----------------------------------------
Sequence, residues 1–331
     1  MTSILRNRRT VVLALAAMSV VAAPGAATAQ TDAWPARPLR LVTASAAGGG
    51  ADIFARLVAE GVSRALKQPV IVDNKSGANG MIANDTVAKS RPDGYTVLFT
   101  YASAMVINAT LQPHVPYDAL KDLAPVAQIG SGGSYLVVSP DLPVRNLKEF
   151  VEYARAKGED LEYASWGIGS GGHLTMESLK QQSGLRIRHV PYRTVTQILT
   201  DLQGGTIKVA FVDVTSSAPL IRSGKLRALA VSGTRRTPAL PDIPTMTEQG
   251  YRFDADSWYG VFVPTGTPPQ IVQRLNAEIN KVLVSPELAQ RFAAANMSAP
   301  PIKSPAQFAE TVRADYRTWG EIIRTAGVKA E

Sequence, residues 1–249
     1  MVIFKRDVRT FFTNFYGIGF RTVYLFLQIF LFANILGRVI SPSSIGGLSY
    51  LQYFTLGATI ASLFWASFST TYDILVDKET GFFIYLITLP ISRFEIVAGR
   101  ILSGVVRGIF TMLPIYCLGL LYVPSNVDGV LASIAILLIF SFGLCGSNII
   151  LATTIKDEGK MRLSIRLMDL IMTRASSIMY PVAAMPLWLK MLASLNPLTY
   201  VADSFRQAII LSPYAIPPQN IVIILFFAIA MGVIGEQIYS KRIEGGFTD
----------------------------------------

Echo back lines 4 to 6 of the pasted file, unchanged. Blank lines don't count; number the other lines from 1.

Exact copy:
   101  YASAMVINAT LQPHVPYDAL KDLAPVAQIG SGGSYLVVSP DLPVRNLKEF
   151  VEYARAKGED LEYASWGIGS GGHLTMESLK QQSGLRIRHV PYRTVTQILT
   201  DLQGGTIKVA FVDVTSSAPL IRSGKLRALA VSGTRRTPAL PDIPTMTEQG